The exhibition is organized by Guest Curator Gwendolyn DuBois Shaw, Associate Professor of American Art and affiliated faculty in Africana Studies, Cinema Studies, and Women and Gender Studies at the University of Pennsylvania and author of Seeing the Unspeakable: The Art of Kara Walker (2004), with the assistance of Gail Stavitsky, MAM Chief Curator.

 

In order to foster an active and open community discussion and broader understanding of the critical and challenging topics presented through Kara Walker’s work, the Museum is offering a range of related programming, including dialogue with the Museum’s African American Cultural Committee (AACC) and other members of the community, presentations at the Museum’s Free First Thursdays during the exhibition, an accompanying reflection space to the exhibition allowing Museum visitors to participate in the conversation by adding their own words and images in response to the exhibition and the preparation of a guide for parents and caregivers to speak about exhibition content with their children.  Lectures/panel discussions will include the annual Julia Norton Babson Lecture and a joint offering with Montclair State University’s School of Communication that will explore the intersection of media, social justice and race. 

 

About the Artist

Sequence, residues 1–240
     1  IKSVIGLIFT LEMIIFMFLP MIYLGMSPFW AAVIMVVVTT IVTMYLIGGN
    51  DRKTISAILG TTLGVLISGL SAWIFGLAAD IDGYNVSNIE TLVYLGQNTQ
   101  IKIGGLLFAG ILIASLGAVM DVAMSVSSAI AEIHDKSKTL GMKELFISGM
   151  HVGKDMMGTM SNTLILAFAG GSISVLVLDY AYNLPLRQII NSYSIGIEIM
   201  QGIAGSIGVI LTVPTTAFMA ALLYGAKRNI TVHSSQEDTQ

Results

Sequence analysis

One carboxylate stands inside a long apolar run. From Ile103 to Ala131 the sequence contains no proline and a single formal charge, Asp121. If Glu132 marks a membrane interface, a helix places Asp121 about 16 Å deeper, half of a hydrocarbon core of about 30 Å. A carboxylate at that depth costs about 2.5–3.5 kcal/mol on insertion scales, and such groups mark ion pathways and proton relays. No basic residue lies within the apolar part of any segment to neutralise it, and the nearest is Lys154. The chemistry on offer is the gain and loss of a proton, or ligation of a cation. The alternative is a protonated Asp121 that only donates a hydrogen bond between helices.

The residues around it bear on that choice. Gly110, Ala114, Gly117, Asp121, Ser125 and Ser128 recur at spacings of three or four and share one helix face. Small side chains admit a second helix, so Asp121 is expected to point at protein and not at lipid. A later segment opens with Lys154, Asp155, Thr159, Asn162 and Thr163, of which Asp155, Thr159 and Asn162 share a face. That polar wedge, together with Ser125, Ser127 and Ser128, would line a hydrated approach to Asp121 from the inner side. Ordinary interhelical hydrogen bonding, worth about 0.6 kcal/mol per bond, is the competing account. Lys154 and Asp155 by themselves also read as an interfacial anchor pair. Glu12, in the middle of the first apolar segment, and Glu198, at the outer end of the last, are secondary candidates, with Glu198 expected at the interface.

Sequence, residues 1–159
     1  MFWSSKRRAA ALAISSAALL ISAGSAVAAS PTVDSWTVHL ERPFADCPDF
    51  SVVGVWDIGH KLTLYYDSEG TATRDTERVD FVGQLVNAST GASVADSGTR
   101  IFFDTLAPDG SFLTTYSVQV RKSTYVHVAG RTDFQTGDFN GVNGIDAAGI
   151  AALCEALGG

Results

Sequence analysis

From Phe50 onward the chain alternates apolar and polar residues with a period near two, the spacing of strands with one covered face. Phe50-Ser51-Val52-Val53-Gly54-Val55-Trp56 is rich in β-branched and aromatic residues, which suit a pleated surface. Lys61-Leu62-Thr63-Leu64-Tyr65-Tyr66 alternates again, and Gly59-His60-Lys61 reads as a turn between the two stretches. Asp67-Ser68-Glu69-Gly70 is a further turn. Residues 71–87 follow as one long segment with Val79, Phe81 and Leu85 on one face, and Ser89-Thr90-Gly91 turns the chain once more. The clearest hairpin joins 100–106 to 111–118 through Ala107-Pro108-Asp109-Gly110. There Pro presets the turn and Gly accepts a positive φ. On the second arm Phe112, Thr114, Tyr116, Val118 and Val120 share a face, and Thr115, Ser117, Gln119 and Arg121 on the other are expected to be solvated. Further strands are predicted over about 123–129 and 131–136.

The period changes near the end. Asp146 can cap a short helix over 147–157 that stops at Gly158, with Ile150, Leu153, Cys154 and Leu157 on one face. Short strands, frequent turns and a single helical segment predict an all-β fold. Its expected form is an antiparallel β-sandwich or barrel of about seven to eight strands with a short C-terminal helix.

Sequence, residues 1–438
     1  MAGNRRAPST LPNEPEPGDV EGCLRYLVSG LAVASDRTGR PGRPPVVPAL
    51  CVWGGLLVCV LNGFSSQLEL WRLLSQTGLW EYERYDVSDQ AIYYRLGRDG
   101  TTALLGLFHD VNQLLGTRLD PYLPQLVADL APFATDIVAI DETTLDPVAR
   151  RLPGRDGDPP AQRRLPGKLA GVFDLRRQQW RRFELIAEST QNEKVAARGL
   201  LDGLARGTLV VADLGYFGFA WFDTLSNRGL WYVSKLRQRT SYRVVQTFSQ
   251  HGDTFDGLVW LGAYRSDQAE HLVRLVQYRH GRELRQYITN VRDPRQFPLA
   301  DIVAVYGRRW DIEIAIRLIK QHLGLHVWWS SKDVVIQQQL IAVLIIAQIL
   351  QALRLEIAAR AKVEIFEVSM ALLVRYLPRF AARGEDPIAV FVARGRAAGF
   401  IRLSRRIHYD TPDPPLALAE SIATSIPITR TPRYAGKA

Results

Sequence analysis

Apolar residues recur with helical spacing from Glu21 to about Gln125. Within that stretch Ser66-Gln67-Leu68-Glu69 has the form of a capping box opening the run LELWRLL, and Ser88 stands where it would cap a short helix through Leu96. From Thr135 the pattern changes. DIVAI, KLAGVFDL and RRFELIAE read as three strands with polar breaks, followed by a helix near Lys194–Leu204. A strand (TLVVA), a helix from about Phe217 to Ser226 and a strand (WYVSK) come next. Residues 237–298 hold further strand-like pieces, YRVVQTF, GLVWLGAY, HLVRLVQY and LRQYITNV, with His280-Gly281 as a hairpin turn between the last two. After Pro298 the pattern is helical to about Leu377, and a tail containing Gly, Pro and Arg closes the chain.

New York-based artist Kara Walker is best known for her candid investigations of race, gender, sexuality, and violence through silhouetted figures that have appeared in numerous exhibitions worldwide. Born in Stockton, California, in 1969, Walker was raised in Atlanta, Georgia, from the age of 13. She studied at the Atlanta College of Art (BFA, 1991) and the Rhode Island School of Design (MFA, 1994). She is the recipient of many awards, notably the John D. and Catherine T. MacArthur Foundation Achievement Award in 1997 and the United States Artists Eileen Harris Norton Fellowship in 2008. In 2012, Walker became a member of the American Academy of Arts and Letters. In 2015, she was named the Tepper Chair in Visual Arts at the Mason Gross School of the Arts at Rutgers University.  Her work can be found in numerous museums and public collections including The Solomon R. Guggenheim Museum, New York; The Museum of Modern Art, New York; The Metropolitan Museum of Art, New York; The Tate Gallery, London; the Museo Nazionale delle Arti del XXI Secolo (MAXXI), Rome; and Deutsche Bank, Frankfurt.